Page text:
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Monday, 21 December 2009

Calais to Montpellier

We awoke to find a good dusting of snow on our bike covers and also the rest of Calais. Mike took some time to create a little snow art in the hotel carpark before we set about loading up the bikes.

Despite the cold, the KTM and the Africa Twin roared into life. And we carefully began day two. Our goal, Bourges. Roughly 350 miles. A big day ahead. We fuelled up and set off. Say what you like about the French, but they know how to grit a road and despite there being quite a bit of snow on the surrounding countryside the autoroute was reassuringly free of snow and ice. It was pretty cold though and after about an hour and a half we had to stop at a servo for a cuppa.

Mike's satnav was playing up so he spent a bit of time trying to find the fault whilst I downed a cup of vending machine curry soup and a coffee. Back on the road my heated grips were working well but Mike's weren't so effective. We ended up stopping every hour and a half at a roadside services to warm ourselves up with a few cups of tea. Progress was slow but fairly steady and we rode the last hour in the dark before we finally arrived in Bourges, tired, a bit chilly but in good spirits.

The next day our goal was to get to Montpellier where we had a place to stay with my friend Mariana. As it turned out we were not to reach our goal and the day would be quite eventful including an extremely tough final thirteen miles, sinced dubbed "the thirteen miles of pain". More about that later...

We were getting better at loading up our bikes but our departure was slightly delayed when Mike's side stand started to look a bit flimsy and so a bodge was constructed and the problem fixed for the time being. On the road we each had a few more layers on than the previous day which was lucky because it was brass monkeys. There was a lot more snow than in the north and it was a bit like riding through Narnia. Very pretty but chilly. We stuck to the same formula as the day before, regular stops and cups of tea to warm up so our concentration didn't start to flag.

At around 5:00pm, still 85 miles from Montpellier, we were at an altitude of 1100m and it began snowing quite heavily. I was struggling a bit and called over to Mike on the radio that I needed to stop for a breather. We stopped and entered the welcome warmth of a roadside cafe. Parking our bikes outside we turned a few heads and a number of French people looked at us as, index fingers raised to their heads indicating were were a bit mad. They were probably right.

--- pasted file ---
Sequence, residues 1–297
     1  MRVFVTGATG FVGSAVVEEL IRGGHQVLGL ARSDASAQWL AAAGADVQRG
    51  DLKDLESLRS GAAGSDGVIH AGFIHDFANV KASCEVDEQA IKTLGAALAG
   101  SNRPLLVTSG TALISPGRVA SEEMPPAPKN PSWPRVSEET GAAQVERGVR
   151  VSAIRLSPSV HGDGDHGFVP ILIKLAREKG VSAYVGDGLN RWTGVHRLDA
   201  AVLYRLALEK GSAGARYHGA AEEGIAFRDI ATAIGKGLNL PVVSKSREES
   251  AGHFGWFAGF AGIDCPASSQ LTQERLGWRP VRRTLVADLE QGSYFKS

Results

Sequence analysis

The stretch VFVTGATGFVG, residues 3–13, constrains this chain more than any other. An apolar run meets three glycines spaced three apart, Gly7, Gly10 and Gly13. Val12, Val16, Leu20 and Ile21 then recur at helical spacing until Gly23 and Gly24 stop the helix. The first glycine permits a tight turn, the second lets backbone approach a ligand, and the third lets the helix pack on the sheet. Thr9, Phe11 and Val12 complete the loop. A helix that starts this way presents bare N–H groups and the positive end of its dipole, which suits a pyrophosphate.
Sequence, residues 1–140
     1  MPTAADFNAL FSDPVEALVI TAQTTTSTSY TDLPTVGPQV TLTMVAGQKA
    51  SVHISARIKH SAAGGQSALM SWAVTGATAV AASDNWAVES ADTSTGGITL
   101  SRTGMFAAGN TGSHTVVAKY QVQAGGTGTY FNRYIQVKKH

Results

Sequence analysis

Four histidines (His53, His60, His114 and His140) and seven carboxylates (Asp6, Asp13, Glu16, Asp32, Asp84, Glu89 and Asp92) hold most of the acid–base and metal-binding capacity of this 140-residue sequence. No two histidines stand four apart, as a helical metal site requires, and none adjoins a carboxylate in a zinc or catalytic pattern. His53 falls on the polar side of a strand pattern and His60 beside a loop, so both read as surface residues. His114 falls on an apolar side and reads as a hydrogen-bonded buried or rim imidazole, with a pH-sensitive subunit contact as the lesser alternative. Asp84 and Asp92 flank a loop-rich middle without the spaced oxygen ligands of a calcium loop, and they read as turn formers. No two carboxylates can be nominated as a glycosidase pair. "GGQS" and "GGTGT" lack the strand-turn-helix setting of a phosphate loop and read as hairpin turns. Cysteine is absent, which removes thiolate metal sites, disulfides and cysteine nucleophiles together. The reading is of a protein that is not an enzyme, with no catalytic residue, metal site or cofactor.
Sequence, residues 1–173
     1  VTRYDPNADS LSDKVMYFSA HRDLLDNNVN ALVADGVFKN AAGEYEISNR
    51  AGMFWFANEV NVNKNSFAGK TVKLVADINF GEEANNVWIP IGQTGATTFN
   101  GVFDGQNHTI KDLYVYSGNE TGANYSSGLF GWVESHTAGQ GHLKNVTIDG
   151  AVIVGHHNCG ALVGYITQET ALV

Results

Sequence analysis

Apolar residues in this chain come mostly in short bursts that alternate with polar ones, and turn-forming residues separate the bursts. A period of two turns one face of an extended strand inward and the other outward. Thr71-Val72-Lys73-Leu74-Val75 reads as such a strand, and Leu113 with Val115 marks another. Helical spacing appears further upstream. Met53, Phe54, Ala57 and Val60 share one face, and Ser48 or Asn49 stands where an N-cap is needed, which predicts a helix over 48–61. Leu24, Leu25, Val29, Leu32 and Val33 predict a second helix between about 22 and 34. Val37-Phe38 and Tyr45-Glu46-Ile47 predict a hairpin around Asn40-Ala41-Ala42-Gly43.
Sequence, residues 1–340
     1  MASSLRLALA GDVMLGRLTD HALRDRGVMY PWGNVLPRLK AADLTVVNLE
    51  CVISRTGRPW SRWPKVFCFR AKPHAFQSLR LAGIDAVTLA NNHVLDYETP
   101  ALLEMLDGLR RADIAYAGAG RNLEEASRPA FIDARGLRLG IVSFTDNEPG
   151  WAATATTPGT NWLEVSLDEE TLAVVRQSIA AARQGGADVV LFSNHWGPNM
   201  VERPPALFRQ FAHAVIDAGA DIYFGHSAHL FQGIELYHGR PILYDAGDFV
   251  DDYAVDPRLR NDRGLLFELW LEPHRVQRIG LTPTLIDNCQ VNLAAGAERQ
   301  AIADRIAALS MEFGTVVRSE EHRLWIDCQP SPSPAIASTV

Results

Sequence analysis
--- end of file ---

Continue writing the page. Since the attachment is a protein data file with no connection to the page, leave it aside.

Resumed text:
Inside we met two blokes from the U.S who were driving their 1969 VW Beatle from London to Cameroon. They had seen our bikes outside and clocked us sitting at a table. "Heeey more crazy people!" one of them drawled. Turns out they were probably colder than us as their car had no heater and there were holes in the floor turning the VW in to a giant fridge.

Bidding the yanks farewell we decided to get back on the road. Montpellier seemed a bit to distant for our liking given the weather so we chose to head for Millau, a short 13 mile jaunt down the road. And so began "the thirteen miles of pain". Little did we know that it would be seven hours before we would arrive at our hotel.

On the slip road just before the motorway my steering started to feel odd and then my handle bars began to wobble from side to side. It could only mean one thing. My front tyre had a puncture! The timing could not have been worse. Stuck on the side of a sliproad, on a mountain, snow being driven horizontally by strong gusts of freezing wind. A quick check of the front tyre found a slow leak so I pumped the tyre up and we waited for an hour or so to see how quickly the air was leaking out. We killed some time and checked our remaining tyre pressures joking that things could not possibly get worse. Thankfully my tyre looked okay and we decided to carry on to Millau where we would repair it in the morning.

So we were off again. Then bang! As we left the snow and ice on the side of the road my front wheel slipped on a patch of ice and the AT was over on it's side. Mike and I managed to get it upright again and we were off. The exertion however had gotten me a bit hot and sweaty and my goggles soon began to fog up. Not good. We had only just gotten onto the motorway and I radioed for Mike to pull over so I could sort them out. Not the best place to stop but it had to be done.